Entomology grad student Kylee Noel studies the genetic and physiological effects of insecticide resistance in mosquitoes. When she's not conducting her research in the Illinois Natural History Survey Medical Entomology Lab, Kylee is often doing scientific outreach in her community and encouraging people to participate in citizen science.
1. What did you want to be when you grew up?
I wanted to be either a teacher or a veterinarian for as long as I can remember. In high school I wanted to be a pediatrician, but I eventually made my way back around to loving to teach and work with animals.
2. What drew you to your current field of study?
The diversity of insects is what first drew me to entomology, but then what drew me to medical entomology was the added benefit of being able to provide a service to humanity. We need to know more about these insects of medical concern so that we can save lives!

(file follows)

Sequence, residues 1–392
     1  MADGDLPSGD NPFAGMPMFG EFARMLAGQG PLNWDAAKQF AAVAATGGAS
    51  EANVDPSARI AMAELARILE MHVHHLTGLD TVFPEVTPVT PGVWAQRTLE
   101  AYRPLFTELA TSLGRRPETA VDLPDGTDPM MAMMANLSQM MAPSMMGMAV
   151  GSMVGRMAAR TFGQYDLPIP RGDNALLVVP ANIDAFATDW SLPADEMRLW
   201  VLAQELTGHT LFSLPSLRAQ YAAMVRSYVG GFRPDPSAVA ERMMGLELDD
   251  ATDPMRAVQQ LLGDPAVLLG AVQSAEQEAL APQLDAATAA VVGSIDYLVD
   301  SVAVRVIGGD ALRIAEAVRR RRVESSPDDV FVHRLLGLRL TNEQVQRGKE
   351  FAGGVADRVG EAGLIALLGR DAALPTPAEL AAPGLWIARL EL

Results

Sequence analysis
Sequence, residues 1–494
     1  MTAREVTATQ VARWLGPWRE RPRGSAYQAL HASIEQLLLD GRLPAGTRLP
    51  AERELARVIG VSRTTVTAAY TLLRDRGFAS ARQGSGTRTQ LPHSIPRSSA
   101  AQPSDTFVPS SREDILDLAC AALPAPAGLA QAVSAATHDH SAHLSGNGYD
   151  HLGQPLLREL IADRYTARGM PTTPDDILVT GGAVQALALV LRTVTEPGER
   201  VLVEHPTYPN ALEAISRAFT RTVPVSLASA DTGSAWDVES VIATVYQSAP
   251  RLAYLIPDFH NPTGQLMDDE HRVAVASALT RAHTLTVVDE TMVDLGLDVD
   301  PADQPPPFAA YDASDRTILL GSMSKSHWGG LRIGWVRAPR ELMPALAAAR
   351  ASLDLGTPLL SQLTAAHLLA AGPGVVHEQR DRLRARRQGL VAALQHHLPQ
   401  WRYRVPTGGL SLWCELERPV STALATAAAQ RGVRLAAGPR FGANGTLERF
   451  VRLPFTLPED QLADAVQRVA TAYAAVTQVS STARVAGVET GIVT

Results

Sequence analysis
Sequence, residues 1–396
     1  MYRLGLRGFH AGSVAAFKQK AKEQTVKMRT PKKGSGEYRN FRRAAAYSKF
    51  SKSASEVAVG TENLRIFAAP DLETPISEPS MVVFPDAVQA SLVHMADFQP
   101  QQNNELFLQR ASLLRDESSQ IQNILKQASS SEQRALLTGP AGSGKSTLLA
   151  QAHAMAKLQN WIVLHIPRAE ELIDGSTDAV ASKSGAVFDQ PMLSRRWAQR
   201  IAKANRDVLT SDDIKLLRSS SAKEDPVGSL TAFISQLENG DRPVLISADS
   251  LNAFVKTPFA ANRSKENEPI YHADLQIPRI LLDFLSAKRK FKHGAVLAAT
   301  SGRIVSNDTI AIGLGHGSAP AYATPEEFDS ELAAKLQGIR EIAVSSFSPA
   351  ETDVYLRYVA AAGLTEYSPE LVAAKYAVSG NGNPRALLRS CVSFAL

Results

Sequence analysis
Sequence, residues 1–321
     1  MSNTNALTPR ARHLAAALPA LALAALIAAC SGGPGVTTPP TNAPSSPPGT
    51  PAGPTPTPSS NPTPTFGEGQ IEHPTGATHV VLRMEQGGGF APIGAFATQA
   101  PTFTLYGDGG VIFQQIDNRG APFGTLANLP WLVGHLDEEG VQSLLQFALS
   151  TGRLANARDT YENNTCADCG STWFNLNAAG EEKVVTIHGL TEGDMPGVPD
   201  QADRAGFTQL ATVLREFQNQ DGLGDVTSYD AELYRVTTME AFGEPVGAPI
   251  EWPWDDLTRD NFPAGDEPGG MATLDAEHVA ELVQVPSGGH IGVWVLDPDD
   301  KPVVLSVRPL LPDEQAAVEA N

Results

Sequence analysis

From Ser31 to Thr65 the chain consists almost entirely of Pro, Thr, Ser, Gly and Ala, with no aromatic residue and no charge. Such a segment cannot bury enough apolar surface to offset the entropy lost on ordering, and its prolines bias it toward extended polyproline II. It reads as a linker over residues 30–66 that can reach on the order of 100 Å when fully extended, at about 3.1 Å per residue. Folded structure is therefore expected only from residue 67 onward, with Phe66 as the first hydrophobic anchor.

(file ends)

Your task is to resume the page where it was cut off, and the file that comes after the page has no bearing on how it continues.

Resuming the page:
3. What do you love about your work at PRI?
PRI is such a wonderful work community with so many friendly faces and so many opportunities to collaborate. I particularly love the amount of time that I am able to spend in the field for collections. I was very excited to assist in both mosquito and tick collections this past field season.
4. How will your work impact future generations?
I believe that my work studying insecticide resistance in mosquito populations, will have many future benefits. Most importantly staying ahead of the curve of total resistance and finding new potential ways to control for insects—especially those of medical importance.